Published on April 29th, 2015 | by Sarah Jubb0
All About The Fifty Pence Coin
This week’s article in our legal tender coin series takes a look at the most valuable coin worth less than one pound in the British currency, the fifty pence coin. It is the second largest coin in circulation after the £2 coin with a diameter of 27.3mm and the seven sided heptagon shape matches the twenty pence coin, helping to distinguish it from the other coins.
Another similarity to the twenty pence is that it is still made from cupro nickel, unlike the five pence and ten pence coins which changed from cupro nickel to nickel plated steel in 2012 due to the rising costs of metal. It is also only legal tender for sums up to £10, after which it can be refused for payment.
The fifty pence coin is famous in Britain for the unique reverse designs as each year the Royal Mint releases a new design to celebrate or commemorate a special event in British history and culture. The original and default image used was a seated Britannia, the personification of Britain, accompanied with a lion and a shield featuring the Union Flag.
Britannia had appeared on all British coinage continuously since 1672 until 2008, when the default design of the fifty pence changed to show the lowest point of the Royal Shield which is now depicted on all of the British pence currency. The section of the shield is the lower portion of the Lion’s Rampant that signifies England and the Harp that signifies Ireland.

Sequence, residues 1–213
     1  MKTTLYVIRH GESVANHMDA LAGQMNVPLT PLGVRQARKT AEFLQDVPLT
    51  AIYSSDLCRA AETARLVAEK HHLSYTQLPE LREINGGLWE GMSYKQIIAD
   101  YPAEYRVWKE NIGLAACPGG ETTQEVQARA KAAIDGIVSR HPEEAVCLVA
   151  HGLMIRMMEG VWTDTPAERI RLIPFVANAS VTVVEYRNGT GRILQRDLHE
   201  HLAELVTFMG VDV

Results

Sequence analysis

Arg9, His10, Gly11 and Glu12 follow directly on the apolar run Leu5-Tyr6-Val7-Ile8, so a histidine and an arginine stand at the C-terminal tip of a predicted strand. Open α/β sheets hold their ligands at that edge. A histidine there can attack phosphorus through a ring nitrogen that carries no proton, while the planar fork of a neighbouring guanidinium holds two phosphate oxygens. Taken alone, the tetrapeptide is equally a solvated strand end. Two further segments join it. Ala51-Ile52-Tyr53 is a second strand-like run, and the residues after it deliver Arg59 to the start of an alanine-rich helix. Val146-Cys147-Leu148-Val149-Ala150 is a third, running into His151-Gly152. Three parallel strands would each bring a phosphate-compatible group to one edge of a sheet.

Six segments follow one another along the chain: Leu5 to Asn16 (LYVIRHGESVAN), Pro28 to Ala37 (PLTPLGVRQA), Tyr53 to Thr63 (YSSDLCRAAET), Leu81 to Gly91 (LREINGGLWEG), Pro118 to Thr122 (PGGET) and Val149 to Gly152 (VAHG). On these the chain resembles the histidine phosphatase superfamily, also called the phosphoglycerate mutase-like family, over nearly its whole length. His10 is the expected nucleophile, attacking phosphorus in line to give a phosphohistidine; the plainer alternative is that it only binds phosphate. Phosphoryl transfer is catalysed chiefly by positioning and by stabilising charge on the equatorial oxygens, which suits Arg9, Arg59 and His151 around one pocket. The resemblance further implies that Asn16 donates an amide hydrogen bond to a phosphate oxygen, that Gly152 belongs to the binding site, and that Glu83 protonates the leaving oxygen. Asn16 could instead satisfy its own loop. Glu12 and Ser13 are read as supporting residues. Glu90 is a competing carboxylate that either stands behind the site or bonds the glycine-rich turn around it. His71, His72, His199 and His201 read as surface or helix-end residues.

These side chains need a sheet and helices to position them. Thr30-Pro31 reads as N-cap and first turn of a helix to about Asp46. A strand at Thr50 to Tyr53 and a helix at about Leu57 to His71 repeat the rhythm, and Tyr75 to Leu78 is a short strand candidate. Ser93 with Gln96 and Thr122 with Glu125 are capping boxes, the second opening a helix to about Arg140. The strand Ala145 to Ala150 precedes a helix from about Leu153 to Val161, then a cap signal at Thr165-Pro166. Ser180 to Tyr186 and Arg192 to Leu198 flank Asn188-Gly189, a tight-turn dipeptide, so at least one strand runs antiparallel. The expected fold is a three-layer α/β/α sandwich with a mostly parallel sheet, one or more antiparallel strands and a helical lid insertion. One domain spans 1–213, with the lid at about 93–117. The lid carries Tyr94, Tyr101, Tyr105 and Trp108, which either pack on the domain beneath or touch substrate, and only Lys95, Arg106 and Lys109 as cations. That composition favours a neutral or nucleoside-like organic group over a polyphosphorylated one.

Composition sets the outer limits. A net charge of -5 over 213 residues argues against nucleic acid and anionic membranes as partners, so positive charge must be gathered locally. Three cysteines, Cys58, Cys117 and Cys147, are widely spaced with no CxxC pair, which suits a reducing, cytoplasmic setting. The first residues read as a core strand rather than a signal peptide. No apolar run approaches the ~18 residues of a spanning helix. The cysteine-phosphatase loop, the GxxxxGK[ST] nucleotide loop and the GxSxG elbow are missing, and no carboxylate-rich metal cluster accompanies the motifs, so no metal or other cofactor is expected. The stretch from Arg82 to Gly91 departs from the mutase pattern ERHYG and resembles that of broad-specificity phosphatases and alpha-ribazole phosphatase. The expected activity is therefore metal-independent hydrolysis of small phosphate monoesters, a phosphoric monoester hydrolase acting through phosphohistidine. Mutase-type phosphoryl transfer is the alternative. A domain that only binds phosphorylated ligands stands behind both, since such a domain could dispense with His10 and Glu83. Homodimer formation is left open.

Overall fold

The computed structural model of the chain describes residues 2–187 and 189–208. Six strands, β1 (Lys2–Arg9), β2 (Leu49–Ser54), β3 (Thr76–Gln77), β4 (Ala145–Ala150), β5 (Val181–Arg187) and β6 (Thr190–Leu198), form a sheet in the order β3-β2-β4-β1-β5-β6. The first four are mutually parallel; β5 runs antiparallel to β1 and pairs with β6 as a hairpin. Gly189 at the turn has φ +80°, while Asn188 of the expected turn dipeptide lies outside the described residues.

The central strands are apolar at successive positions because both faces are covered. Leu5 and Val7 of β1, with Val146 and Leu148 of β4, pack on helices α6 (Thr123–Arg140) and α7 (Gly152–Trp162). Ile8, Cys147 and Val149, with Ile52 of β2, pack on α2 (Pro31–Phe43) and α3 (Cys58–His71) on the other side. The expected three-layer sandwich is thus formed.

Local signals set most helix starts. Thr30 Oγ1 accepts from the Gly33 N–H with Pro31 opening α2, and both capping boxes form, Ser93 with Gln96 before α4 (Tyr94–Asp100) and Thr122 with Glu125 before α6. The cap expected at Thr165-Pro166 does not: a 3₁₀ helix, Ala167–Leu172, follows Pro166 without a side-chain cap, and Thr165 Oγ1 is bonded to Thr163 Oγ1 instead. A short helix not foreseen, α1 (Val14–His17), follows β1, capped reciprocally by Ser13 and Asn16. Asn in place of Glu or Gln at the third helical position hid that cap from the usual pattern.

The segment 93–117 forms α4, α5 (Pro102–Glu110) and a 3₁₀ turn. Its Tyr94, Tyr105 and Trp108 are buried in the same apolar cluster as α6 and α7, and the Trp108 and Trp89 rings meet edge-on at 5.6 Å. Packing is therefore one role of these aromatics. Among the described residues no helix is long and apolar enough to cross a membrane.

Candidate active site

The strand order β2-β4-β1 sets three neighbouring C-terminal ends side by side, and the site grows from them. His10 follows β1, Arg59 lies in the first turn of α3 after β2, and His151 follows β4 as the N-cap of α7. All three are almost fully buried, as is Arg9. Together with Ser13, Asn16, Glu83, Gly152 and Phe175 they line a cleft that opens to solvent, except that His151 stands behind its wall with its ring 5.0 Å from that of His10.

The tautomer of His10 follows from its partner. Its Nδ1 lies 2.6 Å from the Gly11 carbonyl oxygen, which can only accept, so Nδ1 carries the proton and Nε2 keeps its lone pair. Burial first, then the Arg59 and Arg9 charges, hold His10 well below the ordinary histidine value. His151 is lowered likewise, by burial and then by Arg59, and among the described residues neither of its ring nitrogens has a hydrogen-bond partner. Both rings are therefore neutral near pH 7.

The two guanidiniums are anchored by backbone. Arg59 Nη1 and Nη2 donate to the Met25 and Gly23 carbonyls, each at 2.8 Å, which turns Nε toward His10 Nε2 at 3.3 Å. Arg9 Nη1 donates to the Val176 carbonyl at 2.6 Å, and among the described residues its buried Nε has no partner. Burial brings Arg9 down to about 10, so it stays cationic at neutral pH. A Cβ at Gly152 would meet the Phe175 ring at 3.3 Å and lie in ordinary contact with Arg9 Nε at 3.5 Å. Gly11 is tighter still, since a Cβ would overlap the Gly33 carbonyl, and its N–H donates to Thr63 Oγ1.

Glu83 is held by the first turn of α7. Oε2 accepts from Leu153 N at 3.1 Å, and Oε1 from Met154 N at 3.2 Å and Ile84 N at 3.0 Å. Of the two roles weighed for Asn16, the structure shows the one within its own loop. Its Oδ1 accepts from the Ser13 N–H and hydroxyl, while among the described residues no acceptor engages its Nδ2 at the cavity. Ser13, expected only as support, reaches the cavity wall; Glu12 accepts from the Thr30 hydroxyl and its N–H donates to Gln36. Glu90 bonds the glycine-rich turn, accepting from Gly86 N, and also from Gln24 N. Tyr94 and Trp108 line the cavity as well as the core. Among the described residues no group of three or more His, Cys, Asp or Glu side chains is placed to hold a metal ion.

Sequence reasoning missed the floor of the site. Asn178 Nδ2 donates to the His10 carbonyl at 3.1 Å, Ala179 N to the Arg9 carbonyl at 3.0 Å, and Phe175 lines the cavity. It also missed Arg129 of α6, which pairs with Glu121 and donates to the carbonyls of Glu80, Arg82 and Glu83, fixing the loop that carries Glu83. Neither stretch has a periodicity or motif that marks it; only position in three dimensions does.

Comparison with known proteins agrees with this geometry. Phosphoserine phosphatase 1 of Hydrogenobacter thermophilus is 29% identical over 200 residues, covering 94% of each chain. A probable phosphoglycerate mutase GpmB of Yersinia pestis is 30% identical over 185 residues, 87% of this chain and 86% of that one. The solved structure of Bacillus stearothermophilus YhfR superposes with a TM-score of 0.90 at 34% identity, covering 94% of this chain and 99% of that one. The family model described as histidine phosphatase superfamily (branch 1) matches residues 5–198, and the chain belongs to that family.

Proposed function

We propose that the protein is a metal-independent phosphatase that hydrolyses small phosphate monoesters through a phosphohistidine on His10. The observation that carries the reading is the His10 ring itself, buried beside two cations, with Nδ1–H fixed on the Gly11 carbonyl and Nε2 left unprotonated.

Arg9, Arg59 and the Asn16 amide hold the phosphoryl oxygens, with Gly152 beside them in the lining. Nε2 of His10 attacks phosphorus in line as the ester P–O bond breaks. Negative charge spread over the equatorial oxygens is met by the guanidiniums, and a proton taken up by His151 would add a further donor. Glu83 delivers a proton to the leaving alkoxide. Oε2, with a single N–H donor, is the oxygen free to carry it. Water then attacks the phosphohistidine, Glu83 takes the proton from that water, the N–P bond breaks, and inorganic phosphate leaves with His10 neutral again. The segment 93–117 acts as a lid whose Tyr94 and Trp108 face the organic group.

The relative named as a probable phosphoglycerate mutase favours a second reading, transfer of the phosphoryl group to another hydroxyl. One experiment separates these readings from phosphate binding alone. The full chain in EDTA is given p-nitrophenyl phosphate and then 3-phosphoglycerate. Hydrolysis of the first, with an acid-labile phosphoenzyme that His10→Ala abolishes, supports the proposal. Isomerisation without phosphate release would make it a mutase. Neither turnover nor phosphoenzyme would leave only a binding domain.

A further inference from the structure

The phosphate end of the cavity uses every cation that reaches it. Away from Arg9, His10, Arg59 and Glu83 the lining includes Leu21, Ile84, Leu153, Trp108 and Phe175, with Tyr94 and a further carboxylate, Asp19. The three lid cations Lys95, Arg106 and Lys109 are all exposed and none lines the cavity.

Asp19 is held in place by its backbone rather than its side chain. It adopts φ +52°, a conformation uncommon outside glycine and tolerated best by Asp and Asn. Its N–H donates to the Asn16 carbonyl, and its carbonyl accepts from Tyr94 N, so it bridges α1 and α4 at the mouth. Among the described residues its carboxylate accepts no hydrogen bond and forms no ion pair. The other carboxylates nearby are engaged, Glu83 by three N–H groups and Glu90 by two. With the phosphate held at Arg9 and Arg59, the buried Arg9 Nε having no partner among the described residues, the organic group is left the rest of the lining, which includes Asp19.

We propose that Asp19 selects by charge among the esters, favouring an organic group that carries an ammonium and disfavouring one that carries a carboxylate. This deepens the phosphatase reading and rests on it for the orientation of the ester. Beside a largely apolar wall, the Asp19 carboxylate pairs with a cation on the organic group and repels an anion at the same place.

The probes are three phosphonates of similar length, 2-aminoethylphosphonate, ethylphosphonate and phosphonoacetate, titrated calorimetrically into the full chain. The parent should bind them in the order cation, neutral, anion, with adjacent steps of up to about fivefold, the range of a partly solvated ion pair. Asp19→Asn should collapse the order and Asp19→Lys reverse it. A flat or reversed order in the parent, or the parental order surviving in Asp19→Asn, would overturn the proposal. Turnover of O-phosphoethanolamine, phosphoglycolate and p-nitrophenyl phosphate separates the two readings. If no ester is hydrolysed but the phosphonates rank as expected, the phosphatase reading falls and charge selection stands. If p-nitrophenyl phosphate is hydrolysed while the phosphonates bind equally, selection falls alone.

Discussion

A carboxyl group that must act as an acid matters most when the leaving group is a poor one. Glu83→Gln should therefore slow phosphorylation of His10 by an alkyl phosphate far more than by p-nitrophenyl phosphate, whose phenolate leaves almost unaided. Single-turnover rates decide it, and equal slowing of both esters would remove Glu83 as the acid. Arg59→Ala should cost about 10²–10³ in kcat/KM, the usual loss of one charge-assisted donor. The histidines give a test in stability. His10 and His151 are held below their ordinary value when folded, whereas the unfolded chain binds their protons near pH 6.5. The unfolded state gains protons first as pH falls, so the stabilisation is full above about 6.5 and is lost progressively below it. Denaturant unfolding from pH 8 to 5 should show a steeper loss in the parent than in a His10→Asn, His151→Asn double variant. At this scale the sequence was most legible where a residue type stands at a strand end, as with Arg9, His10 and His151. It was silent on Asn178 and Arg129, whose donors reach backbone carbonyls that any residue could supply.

It is interesting to note that after seven years, Britannia will be re-appearing on British coins once more, only this time she is taking her place on the £2 coin and not her traditional fifty pence coin. The fifty pence coin has also featured many important events in British history such as the 50th anniversary of the D-Day landings in 1994, the 50th Anniversary of the NHS in 1998 and more recently the 100th anniversary of the Girl Guides in 2010.
The Royal Mint celebrated the London Olympics in 2012 by releasing 29 variants that depicted various Olympics and Paralympics sports, from archery and boccia to wheelchair rugby and equestrian. These various designs help to make the fifty pence a highly collectible coin, and in 2014 it was announced that the Kew Gardens coin, first produced in 2009, was the most sought after coin in circulation.
This is because only 290,000 of these coins were produced, making them exceptionally valuable to collectors. According to experts at the time, these coins were valued up to 200 times the face value of the actual coin. The high value of these coins meant that they were expected to disappear out of circulation as collectors snapped them up.